Like many of us gearing up for the holiday season, Storyteller Noah Seidel has been traveling a lot recently. Noah uses a wheelchair, and unfortunately, some airlines don’t know how to transport mobility devices. Noah, and others that have had mobility devices damaged or broken by airlines, want you to share your bad travel experiences using the #RightToFly and #DisabledAndFlying.
Marc Moreno was 18 years old when he died in the Benton County Jail in Washington State. Why didn’t Marc received proper treatment for his mental illness while in jail? How did the system fail him even before he was arrested? Why did Marc Moreno die?
Dr. Scott Crawford of Jackson, Mississippi, is on a mission to fix the #CrappyCurb ramps in his city.
Two million people in the U.S. have limb loss, and every year approximately 185,000 people have a limb amputated. Storyteller Emily Harvey is a disability rights attorney, triathlete, an amputee and is married to a prosthetist. Emily knows from experience how many people struggle to get appropriate prosthetic limbs due to cost and inadequate insurance coverage. Access to health care including prosthetic limbs is a human right.
Workers with disabilities are NOT always protected by minimum wage laws, and so sometimes they are paid as little as pennies per hour – and this can be perfectly legal!
Rooted in Rights’ new original documentary, Bottom Dollars, tells the stories of people with disabilities all over the country who are fighting back against exploitation and discrimination. And it tells the stories of those who are working in the community for real wages because they received the proper services and supports. Their stories prove we can do better.
The recent massacre in Sagamihara, Japan was carried out by someone who believes that people with disabilities had “brought pain and torture to their family and society.” As a Japanese citizen living with a disability, Rooted in Rights Storyteller Mizuki Hsu was deeply affected. She’s had strangers come up to her and say “your life must be hard” and “how pitiful.” These types of attitudes can lead people to put little value on the lives of people with disabilities. Mizuki wants everyone to know that living with a disability does not mean living in misery. The nineteen people killed in Sagamihara had lives worth living.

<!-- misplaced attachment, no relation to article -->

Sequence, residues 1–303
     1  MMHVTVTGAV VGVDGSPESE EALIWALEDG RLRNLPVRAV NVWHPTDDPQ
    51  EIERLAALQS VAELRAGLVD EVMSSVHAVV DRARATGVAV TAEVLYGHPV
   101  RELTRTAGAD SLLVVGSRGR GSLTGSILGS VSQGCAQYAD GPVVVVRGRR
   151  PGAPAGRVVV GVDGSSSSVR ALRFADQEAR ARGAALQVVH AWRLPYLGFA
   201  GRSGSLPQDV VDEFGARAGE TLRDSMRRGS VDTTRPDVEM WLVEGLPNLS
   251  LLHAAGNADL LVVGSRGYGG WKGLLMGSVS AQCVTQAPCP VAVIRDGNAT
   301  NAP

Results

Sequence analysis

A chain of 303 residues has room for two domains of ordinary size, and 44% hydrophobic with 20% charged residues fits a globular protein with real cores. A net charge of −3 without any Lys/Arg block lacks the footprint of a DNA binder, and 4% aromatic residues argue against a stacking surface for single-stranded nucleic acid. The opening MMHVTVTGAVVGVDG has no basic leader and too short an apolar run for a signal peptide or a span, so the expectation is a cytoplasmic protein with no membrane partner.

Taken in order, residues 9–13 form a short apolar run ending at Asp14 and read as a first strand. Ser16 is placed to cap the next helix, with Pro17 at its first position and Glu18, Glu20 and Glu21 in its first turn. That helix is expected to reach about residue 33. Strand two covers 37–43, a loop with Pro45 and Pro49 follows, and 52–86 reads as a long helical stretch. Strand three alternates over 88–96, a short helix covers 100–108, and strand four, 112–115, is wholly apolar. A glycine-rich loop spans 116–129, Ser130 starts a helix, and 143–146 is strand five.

While disability has been gaining attention throughout the course of this election cycle, I believe more can be done to focus on key issues that affect the disability community. As such, my goal in creating this video was to hold creators of all political ads and all who are involved in campaigns accountable to include disability rights in a meaningful way in their messaging. We need to be talking about substantial topics that affect all people with disabilities, especially people whose disability identity intersects with other minority identities – issues including employment, affordable and accessible housing, Social Security, mental health care, the incarceration of people with disabilities, subminimum wage… as you can tell, there are so many crucial issues! There is so much at stake for people with disabilities this election, and so while this video is meant to hold people accountable, it is also intended to propel conversations and encourage both candidates and voters with and without disabilities to recognize the importance of disability issues. It’s time to ask the questions and have the conversations about disability that really matter.
Jensen Caraballo shares his story of being institutionalized in a nursing home as a teen. Jensen spent over five years living in an institution, and he wasn’t the only one. According to research, more than 200,000 non-elderly people with disabilities in the U.S. reside in nursing homes. Join the fight for freedom of people with disabilities, and support the Independent Living Movement.